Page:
Radiohead concert review
Breaking news: college student likes Radiohead
I will be honest. It’s gonna be hard for me to write a good concert review of Radiohead. I remember it just fine, but I saw them from the most rose-tinted of perspectives. After all, I have those 5 englishmen to thank for starting me on my way to “respectable” music taste years ago. Since, I have watched countless concert videos, learned to play their songs on multiple instruments, and set a record for “Most airtime in my car speakers” with an In Rainbows/OK Computer burned CD. However, I am certain that I was far from the only one with that kind of history with this band on Sunday night. Nevertheless, I will try my best to present an objective review.
I will start with the opener, Oklahoma natives Other Lives, a well put-together group of what looked to be about 6 members in total, two of which played stringed instruments for the whole set, which wasn’t for long, but enough to get the crowd focused on the show. When the house lights dimmed at 7:30 sharp, the Sprint Center didn’t really look like it was less than an hour away from a sold out show, with about half of the seats full. When the lights came back up, more seats were filled, but was still far from full capacity. Other Lives played a good show, consisting of their best grandiose melodies, with conviction, and more than likely still thrilled at the kind of venues they get to fill with them. The musicians on stage were glad to show you their tricks, including bows on guitars, occasional trumpet blasts, and an Ondes Martenot. While solid in concept and execution, I feel like I would have been a lot more impressed with Other Lives if I hadn’t been there to see the guy’s who invented those tricks. However, It is really nice to see a band from the middle of the country get such exposure, and the crowd reacted well, as, from the sound of it, a lot of the audience has made the pilgrimage from the band’s home state.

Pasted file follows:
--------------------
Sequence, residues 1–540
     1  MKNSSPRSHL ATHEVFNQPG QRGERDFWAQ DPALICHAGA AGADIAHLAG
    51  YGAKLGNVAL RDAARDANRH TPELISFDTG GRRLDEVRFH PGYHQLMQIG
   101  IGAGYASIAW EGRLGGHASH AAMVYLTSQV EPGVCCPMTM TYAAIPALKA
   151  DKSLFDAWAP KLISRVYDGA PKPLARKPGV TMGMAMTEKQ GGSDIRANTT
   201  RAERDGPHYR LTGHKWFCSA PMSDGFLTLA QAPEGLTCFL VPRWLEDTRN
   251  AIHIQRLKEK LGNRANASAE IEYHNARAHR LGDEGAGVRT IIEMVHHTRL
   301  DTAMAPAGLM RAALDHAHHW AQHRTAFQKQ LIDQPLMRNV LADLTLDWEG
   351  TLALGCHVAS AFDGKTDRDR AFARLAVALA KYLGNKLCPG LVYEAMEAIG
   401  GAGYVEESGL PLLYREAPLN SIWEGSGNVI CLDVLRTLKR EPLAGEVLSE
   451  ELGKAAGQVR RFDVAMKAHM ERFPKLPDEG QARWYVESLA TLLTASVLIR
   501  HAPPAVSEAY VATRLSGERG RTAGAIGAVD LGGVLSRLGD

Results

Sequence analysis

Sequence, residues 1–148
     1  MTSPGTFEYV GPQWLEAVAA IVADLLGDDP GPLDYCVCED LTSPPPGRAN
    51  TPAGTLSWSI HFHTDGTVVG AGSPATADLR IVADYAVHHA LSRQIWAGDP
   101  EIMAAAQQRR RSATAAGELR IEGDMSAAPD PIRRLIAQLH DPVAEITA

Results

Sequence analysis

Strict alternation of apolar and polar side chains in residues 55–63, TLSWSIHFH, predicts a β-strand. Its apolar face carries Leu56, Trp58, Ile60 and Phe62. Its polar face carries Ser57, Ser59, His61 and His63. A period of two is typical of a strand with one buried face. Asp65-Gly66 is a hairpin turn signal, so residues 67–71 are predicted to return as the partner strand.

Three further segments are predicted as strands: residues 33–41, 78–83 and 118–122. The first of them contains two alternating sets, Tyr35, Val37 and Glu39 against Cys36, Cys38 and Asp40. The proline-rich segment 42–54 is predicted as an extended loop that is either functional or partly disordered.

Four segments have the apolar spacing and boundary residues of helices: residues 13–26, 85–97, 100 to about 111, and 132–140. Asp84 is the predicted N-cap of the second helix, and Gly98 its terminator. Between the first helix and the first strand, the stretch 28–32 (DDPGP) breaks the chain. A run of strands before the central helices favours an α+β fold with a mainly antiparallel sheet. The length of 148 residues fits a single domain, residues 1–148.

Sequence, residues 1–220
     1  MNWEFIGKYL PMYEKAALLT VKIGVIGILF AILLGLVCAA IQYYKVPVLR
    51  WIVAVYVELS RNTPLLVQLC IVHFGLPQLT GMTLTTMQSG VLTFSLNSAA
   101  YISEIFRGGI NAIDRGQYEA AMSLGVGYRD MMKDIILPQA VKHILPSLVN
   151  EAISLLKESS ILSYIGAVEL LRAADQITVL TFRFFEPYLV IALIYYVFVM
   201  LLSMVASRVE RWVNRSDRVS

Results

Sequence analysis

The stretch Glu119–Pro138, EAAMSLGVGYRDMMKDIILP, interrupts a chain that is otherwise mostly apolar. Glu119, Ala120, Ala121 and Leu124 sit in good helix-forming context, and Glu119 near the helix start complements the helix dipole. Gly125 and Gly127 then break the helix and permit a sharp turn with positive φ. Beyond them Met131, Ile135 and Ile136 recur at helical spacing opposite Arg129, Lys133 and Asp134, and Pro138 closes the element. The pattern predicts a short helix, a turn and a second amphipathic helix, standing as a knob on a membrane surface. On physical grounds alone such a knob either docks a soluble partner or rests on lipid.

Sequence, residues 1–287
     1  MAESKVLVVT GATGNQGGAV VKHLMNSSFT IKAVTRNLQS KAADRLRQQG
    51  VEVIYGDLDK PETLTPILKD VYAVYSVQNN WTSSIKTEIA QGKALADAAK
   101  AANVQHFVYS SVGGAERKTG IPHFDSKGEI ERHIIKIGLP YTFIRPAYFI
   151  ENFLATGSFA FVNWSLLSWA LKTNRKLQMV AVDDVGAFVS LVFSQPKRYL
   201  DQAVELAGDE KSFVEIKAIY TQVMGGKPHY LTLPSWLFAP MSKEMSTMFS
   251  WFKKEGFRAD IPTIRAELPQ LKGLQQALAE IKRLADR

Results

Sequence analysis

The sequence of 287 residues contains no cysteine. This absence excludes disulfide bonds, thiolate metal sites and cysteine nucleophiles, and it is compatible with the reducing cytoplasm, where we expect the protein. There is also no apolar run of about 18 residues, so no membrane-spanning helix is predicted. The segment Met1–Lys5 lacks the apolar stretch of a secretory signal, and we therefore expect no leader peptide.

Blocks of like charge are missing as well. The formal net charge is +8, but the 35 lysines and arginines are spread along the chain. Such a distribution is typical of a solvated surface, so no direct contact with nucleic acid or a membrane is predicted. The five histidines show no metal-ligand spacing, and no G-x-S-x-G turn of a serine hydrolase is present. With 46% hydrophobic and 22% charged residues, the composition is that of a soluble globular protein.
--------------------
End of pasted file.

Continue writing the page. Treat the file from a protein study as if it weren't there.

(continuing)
Though the lights went up after the opener, the speakers stayed turned up considerably higher than pre-show, Joy Orbison and Zomby were our reminders. Radiohead is coming.